In Cook County, Illinois as it is in most counties across the country, when a person is arrested, they are delivered to the custody of the sheriff of that county. In metropolitan areas, police patrol impoverished regions twice as much as wealthier areas. This makes police contact and arrests twice as likely to happen in these areas. While in the sheriff’s custody, a judge or magistrate issues a bond; a bail amount to be paid for this individual to regain his freedom during court proceedings. The defendant remains in the custody of the sheriff until that amount is paid or the final disposition of the case. Currently county jails are overcrowded with detainees awaiting trial, over 2/3 of these defendants are non-violent and have proven no risk of flight.
Any person could find themselves in this situation. All it takes is for an allegation to be made to the authorities, regardless of any other facts regarding the allegation. Our constitution clearly regards our citizens as innocent until proven guilty, yet across the country; individuals are warehoused in facilities that surely undermine the intentions of our great constitution. If we are to adhere to the constitution, why are innocent but accused being snatched from homes, jobs, families & communities to be housed in deplorable conditions, conditions far worse than those of their convicted counterparts?
Individuals held in pre-trial detention lack not only the resources to provide bail release; they often lack funds necessary for adequate defense. This puts them at the mercy of the system that incarcerated them. Utilizing the public defender’s office, an office that works closely with the state’s attorney’s office, they are offered plea agreements with freedom as the bait. Having been beaten down by weeks of incarceration, regardless of innocence or guilt and as a way of attempting to preserve some semblance of a family structure, they accept the agreement. The agreement normally guarantees that for their plea of guilty, they would receive probation or supervision. Other detainees are released after prolonged periods of incarceration due to lack of evidence, case dismissal or finding of not guilty. Even in these situations, the effects on family, employment, and community of being incarcerated for 30-90 days or longer are devastating and often irreversible.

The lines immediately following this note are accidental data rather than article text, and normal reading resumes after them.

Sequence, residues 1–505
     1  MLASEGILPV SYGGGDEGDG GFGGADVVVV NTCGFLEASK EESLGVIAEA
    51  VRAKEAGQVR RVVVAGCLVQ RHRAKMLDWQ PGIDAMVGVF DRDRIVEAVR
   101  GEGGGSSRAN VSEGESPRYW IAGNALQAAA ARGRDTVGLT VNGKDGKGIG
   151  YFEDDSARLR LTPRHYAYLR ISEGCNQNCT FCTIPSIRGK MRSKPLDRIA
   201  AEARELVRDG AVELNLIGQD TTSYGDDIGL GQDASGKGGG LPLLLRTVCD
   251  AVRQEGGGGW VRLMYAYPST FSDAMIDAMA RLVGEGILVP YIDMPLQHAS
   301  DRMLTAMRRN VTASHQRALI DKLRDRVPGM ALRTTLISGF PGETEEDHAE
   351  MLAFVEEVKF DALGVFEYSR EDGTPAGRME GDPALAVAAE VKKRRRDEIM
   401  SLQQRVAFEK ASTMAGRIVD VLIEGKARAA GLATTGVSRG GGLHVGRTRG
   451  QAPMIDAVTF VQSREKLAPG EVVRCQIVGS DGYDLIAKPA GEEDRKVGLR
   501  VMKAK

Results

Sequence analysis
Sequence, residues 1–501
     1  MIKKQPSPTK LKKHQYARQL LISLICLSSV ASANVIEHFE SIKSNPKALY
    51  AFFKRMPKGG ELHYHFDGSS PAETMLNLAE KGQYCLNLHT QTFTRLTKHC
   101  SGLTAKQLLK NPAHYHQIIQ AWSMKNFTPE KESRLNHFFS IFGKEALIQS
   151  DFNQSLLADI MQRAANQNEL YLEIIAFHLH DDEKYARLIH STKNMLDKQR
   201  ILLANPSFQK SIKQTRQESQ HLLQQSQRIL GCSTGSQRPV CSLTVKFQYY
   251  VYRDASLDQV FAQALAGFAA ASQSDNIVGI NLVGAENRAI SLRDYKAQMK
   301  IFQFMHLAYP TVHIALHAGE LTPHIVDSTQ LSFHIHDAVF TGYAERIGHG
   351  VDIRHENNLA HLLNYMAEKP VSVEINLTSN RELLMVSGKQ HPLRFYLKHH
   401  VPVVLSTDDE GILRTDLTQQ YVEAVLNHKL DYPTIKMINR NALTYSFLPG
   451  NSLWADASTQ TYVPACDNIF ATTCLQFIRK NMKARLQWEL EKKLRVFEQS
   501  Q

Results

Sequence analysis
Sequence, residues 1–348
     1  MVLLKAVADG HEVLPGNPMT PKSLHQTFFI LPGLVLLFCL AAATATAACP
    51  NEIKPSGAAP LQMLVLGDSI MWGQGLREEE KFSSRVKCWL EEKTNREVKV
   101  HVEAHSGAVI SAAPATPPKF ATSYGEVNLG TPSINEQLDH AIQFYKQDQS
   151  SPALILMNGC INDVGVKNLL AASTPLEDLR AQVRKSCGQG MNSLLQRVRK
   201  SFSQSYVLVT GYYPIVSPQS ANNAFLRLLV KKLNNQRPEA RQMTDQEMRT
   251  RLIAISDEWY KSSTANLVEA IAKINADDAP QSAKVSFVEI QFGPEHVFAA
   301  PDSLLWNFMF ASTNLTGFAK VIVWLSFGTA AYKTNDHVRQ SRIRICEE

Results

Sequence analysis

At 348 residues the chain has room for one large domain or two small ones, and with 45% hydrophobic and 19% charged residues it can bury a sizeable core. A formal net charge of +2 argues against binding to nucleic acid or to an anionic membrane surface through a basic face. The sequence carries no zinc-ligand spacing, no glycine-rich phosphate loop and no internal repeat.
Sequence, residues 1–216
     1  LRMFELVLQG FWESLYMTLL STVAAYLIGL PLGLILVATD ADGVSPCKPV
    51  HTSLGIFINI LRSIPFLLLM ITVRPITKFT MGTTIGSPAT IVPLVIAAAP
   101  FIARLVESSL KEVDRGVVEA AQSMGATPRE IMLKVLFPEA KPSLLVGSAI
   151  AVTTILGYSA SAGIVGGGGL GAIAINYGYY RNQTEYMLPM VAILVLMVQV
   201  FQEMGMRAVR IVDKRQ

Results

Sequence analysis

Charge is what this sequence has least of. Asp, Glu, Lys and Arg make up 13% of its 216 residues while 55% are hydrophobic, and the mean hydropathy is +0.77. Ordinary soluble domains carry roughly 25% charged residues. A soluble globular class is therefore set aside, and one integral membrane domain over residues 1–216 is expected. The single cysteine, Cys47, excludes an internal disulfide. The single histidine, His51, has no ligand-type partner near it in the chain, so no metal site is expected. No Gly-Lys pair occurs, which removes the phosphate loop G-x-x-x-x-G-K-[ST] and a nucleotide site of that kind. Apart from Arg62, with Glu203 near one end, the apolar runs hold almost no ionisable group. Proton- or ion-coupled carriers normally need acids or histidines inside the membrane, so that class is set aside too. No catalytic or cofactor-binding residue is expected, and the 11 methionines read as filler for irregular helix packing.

A complete overhaul of our judicial system is a long past due necessity. Changing the way streets are patrolled and what defendants are arrested for would begin the process. Ticketing non-violent infractions of the law and issuing a court date would free up space for more violent offenders. This would loosen up millions of tax dollars spent annually on housing non-violent detainees awaiting trial. The Bureau of Prisons uses a point system when determining the security level of the facility in which an inmate should be detained. Pre-trial services could adopt a similar strategy when evaluating the flight risk of detainees.
Accepting the fact there there is a need for change in our current judicial system is paramount. There is not one department that is exempt as the total system is flawed. Change must be initiated by the judges elected to interpret the law. Judges are the only officers of the court that have the power, influence, and respect to act as catalysts for change. Communities and constituents empower judges, therefore they too must be at the forefront to hold accountable those that abuse the system. Only with judicial and constituent influence can we ever begin to repair a system utterly littered with such potentially devastating flaws.